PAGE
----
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The Six Lists You Need To Make Every Day Productive

A Specific Daily To-Do List

  • You should only put things on a to-do list that you have the time and resources to achieve
  • Big goals and projects should be broken down into actionable tasks.
  • It helps to match the action with your productivity levels.
  • If something doesn’t get done, reevaluate the task at the end of the day. 

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The Six Lists You Need To Make Every Day Productive

The Six Lists You Need To Make Every Day Productive

https://www.fastcompany.com/3051951/the-six-lists-you-need-to-make-every-day-productive

fastcompany.com

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Key Ideas

A Specific Daily To-Do List

  • You should only put things on a to-do list that you have the time and resources to achieve
  • Big goals and projects should be broken down into actionable tasks.
  • It helps to match the action with your productivity levels.
  • If something doesn’t get done, reevaluate the task at the end of the day. 

An Outsource List

  • Look at everything on your to-do list and ask yourself, ‘Am I the only person who can do this?’
  • Anything that can be given to someone else should be put on an outsource list.
  •  While outsourcing takes the extra time upfront to train someone else on the task, it saves you time later, which can be used to focus on the things you do have to do. 

A Long-Term Goals List

Even if you think it’s too big of a dream but it’s something you want, write it down anyway. 

When you write something down, studies say you’ll be 33% more likely to do it because it sets an intention and puts a goal into motion.

A Pros and Cons List

When you’re making an important decision, create a list of pros and cons. This list makes you dig down deep.

It can also help to share your list with someone else or ask a friend or partner to help brainstorm more pros and cons. This list gives you the clarity you need to make good decisions.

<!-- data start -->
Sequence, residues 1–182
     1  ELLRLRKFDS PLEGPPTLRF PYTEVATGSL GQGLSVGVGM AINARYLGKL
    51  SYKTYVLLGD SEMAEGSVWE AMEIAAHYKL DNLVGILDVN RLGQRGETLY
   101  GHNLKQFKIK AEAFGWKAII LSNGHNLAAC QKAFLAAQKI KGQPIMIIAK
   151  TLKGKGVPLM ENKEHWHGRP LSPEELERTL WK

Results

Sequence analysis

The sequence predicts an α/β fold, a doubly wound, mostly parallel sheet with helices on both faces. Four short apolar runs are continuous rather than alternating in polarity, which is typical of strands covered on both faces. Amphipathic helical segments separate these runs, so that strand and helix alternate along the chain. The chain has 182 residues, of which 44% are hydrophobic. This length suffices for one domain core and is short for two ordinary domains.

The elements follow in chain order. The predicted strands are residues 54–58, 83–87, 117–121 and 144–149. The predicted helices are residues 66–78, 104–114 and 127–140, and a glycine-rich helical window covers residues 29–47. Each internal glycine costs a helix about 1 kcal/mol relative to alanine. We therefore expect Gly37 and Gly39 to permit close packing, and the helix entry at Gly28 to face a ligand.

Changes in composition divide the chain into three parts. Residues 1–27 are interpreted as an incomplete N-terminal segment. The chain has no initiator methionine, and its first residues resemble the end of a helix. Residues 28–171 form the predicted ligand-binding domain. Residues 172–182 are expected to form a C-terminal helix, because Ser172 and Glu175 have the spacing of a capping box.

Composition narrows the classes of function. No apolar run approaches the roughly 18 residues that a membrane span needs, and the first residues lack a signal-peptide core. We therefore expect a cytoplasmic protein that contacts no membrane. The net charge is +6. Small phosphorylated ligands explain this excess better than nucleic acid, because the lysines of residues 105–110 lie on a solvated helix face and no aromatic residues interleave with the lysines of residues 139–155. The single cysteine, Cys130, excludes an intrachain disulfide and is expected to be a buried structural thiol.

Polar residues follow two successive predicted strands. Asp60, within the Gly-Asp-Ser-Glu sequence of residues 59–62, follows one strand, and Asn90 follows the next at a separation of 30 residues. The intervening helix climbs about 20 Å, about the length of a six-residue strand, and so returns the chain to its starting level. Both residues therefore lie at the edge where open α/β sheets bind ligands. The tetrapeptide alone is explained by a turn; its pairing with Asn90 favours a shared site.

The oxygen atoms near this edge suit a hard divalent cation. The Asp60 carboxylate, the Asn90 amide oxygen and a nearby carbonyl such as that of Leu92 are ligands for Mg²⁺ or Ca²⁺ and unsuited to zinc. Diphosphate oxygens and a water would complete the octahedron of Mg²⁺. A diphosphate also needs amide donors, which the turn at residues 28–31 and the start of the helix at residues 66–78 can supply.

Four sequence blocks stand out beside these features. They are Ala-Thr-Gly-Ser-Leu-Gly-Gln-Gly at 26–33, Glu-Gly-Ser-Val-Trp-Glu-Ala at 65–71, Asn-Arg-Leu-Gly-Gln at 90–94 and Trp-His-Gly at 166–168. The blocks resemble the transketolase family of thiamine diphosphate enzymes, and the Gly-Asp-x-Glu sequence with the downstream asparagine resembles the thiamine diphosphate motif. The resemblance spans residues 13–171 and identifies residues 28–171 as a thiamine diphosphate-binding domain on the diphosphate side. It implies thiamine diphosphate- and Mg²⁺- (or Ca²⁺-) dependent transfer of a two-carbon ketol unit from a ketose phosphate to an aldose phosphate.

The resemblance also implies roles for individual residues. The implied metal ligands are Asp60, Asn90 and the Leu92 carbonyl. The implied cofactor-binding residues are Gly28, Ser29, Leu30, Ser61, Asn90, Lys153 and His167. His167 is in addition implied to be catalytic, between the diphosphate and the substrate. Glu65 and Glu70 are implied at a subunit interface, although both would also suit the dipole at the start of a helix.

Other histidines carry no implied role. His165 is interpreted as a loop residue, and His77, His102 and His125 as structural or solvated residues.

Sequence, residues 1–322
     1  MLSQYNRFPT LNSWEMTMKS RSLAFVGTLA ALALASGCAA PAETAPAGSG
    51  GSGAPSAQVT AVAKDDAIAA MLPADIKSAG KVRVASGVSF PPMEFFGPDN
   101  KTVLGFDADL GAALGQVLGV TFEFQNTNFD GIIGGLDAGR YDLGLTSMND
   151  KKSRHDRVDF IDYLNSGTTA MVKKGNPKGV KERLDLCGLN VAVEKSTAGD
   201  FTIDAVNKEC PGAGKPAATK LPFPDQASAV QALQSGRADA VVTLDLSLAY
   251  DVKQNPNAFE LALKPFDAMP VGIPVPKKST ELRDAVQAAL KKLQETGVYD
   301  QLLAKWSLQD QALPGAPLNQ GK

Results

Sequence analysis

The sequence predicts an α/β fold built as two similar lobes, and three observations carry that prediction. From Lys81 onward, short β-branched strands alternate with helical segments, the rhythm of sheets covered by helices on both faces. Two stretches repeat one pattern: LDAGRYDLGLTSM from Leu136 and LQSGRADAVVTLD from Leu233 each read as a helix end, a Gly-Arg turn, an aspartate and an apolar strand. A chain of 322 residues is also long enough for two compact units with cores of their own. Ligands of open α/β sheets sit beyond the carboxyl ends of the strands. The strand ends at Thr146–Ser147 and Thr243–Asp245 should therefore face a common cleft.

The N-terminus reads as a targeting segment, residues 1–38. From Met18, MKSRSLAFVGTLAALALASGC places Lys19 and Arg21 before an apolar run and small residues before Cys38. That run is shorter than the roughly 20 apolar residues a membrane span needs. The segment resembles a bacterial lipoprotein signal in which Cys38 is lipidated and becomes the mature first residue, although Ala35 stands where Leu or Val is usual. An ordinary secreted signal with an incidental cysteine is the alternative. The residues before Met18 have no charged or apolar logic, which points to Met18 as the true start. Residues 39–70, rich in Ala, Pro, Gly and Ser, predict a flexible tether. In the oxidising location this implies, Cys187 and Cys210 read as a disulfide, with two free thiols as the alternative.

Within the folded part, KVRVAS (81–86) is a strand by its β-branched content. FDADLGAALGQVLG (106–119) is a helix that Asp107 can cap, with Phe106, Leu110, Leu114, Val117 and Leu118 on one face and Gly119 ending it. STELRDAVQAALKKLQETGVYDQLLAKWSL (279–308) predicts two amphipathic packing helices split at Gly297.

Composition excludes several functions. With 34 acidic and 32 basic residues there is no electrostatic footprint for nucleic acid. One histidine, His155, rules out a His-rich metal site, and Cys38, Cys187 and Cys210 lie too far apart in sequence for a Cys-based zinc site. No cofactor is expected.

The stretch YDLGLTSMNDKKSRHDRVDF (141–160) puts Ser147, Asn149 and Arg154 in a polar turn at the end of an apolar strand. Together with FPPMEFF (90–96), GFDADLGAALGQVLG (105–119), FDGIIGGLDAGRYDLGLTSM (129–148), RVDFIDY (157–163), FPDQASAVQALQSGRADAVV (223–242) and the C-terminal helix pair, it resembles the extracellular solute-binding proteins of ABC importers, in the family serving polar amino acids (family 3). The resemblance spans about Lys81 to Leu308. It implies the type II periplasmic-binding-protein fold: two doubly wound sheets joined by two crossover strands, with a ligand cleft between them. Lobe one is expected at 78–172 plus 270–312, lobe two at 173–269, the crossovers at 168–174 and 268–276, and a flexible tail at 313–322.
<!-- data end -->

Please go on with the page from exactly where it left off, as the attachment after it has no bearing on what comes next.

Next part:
A Project List

When you are working on a project with others, create project lists that detail tasks and assign responsibilities.

This helps you avoid micromanaging.

A Talking-Points List

If you have an upcoming meeting or an important phone call, create a list of things you want to discuss, so you don’t risk forgetting something. 

Keep this list handy on your desk, so when things pop in your mind you can jot them down.

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Including Too Many Tasks

Ideally, create a ‘top three’ tasks at the beginning of your to-do list. 

Long lists are a problem because most people aren’t aware that “we only have about three to six good hours of work in us each day.”

People also tend to underestimate how long a task takes. 

Including Someday Items

Aspirational tasks, like writing a book, don’t belong on a to-do list; instead, create a separate bucket list. 

Daily to-do lists should be focused. If you have a big project you want to complete, you can put it on your to-do list if you chunk it out into smaller, more attainable tasks.

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  • Vision List - consists of everything you want to experience in life.
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The Not-to-do List

A list of tasks you simply don't do: You delete them, delegate them, outsource them or simply say no when they try to find their way on your to-do list:

  • Things you want to say no
  • Distractions from being productive
  • Regular tasks you can delete, delegate, or outsource
  • Other people's responsibility
  • Small projects that get way on bigger projects
  • Emotionally draining tasks
  • Bad habits
  • Stuff that doesn't need to be done
  • Things that are out of control
  • Everything else that you can systematically eliminate and bring a bigger margin into your life.
Not-to-do List and Templates

When people ask you personally or via email something that you are struggling to decline, use templates. Templates are standard response you use to everyone. With the use of these, you refuse them politely without offending them. Also,  it saves you time and there's less emotional pressure compared to writing a decline every time.

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The 2 systems of the brain that wok during decision making:

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At times, these systems are at odds with each other, but research shows it's always best to trust an algorithm than your own gut.

Pros-and-cons lists are flawed

There are a few biases they don't address:

  • Narrow framing: the tendency to view an option as your only option.
  • Confirmation bias: our tendency to gather the information that supports our preferred option.
  • Short-term emotion: our tendency to have our judgment clouded when emotions run high.
  • Overconfidence: our tendency to make a decision with too much optimism about how things will play out.

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